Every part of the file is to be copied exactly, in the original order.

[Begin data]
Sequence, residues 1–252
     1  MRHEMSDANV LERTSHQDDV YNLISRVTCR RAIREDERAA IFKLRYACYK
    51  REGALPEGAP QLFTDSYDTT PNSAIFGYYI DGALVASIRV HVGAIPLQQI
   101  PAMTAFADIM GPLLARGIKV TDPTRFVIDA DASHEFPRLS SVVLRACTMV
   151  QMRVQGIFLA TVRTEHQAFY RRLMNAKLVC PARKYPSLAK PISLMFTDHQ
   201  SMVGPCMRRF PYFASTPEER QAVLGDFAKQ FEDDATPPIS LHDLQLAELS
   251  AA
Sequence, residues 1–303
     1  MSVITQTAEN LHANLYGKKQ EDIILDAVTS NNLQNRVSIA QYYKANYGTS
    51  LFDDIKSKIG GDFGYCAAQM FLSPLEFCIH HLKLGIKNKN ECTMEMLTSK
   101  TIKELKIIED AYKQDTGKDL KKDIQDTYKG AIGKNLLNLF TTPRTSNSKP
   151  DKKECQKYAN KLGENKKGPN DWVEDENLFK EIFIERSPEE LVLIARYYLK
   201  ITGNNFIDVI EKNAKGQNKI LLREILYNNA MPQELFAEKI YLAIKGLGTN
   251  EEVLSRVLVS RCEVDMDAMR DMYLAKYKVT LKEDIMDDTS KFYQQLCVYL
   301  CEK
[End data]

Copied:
Sequence, residues 1–252
     1  MRHEMSDANV LERTSHQDDV YNLISRVTCR RAIREDERAA IFKLRYACYK
    51  REGALPEGAP QLFTDSYDTT PNSAIFGYYI DGALVASIRV HVGAIPLQQI
   101  PAMTAFADIM GPLLARGIKV TDPTRFVIDA DASHEFPRLS SVVLRACTMV
   151  QMRVQGIFLA TVRTEHQAFY RRLMNAKLVC PARKYPSLAK PISLMFTDHQ
   201  SMVGPCMRRF PYFASTPEER QAVLGDFAKQ FEDDATPPIS LHDLQLAELS
   251  AA
Sequence, residues 1–303
     1  MSVITQTAEN LHANLYGKKQ EDIILDAVTS NNLQNRVSIA QYYKANYGTS
    51  LFDDIKSKIG GDFGYCAAQM FLSPLEFCIH HLKLGIKNKN ECTMEMLTSK
   101  TIKELKIIED AYKQDTGKDL KKDIQDTYKG AIGKNLLNLF TTPRTSNSKP
   151  DKKECQKYAN KLGENKKGPN DWVEDENLFK EIFIERSPEE LVLIARYYLK
   201  ITGNNFIDVI EKNAKGQNKI LLREILYNNA MPQELFAEKI YLAIKGLGTN
   251  EEVLSRVLVS RCEVDMDAMR DMYLAKYKVT LKEDIMDDTS KFYQQLCVYL
   301  CEK